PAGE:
Dubai airline Emirates has reported a 124 per cent increase in net profit for its 2017-2018 fiscal year after its income tumbled 12 months ago.
The carrier made a net profit of $762m during in comparison to $354m in 2016-2017, when profit declined 82 per cent following harsher US travel restrictions and pressure on fares.
Revenue reached $25.2bn from $23.16bn previously.
The airline said its results came despite of “political challenge impacting traveller demand and fare adjustments due to a highly competitive business environment”
Operating costs also increased 7 per cent on the previous year after the average price of jet fuel rose 15 per cent.
The carrier’s fuel bill rose 18 per cent as a result to $6.7bn after a 3 per cent capacity increase.
However, it did benefit from the decline of the US against currencies in key markets for the first time in years, with an $180m positive impact on the airline’s bottom line.
In addition the airline saved money by cutting 4 per cent of its workforce with headcount falling to 62,356.
“Business conditions in 2017-18, while improved, remained tough. We saw ongoing political instability, currency volatility and devaluations in Africa, rising oil prices which drove our costs up, and downward pressure on margins from relentless competition,” said Emirates Group chairman Sheikh Ahmed bin Saeed Al Maktoum.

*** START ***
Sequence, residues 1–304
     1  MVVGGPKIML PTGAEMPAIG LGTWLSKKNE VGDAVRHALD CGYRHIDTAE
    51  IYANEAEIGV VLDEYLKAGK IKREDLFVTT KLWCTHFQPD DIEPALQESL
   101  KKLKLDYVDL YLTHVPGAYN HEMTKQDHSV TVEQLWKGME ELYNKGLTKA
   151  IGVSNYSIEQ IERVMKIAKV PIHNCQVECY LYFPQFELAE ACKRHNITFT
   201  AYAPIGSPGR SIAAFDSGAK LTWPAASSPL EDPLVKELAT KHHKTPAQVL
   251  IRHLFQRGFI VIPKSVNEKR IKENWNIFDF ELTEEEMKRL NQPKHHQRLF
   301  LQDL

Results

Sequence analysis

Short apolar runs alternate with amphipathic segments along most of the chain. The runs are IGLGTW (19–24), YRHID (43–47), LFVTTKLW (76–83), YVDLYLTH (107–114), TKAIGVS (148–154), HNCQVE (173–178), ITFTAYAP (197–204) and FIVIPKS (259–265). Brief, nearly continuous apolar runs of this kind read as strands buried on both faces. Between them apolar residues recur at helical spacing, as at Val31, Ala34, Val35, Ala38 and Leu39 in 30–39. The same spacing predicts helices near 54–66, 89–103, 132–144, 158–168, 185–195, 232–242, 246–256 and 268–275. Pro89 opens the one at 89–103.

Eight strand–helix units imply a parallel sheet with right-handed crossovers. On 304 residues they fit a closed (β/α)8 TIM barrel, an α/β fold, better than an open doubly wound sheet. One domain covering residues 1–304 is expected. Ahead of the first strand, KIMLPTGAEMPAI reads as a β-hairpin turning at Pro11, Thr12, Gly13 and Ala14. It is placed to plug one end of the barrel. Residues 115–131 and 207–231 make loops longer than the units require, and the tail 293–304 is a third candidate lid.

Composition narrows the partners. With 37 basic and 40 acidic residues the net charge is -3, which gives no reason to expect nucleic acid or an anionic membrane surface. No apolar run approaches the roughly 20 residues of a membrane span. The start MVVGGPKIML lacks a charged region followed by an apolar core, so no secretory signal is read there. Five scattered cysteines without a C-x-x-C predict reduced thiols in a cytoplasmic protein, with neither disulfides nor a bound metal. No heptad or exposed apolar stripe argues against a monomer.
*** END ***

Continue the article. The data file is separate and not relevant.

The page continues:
“On the positive side, we benefitted from a healthy recovery in the global air cargo industry, as well as the relative strengthening of key currencies against the US dollar.”
In total, Emirates Airline carried 4 per cent more passengers in 2017-2018 to 58.5 million and increased its passenger seat factor to 77.5 per cent from 75.1 per cent.
The carrier said it closed the year with $5.6bn of cash assets after raising $4.9bn throughout the year including a $600m.
Across the wider Emirates Group, which includes subsidiaries and air services firm Dnata, profit rose 67 per cent to $1.1bn and revenue increased 8 per cent to $27.9bn.
The group declared a dividend of $545m to shareholder Investment Corporation of Dubai, while an Emirates source said the company plans to pay a profit share of five week’s salary to workers.
Total headcount also reduced 2 per cent to 103,363.
“Looking forward to this year, its clear that the early arrival of Ramadan will temper back performance a little for the first half of the year when Emirates next reports its earnings in November,” said Saj Ahmad, chief anaylst at StrategicAero Research.
“But this is only a minor aberration because this leaves Emirates with a largely uninterrupted summer schedule where tourism and transit traffic through Dubai will see numbers rise significantly.”
On Tuesday, Emirates said it would begin flights from Dubai to the Scottish capital Edinburgh on the same day Abu Dhabi rival Etihad suspends its service.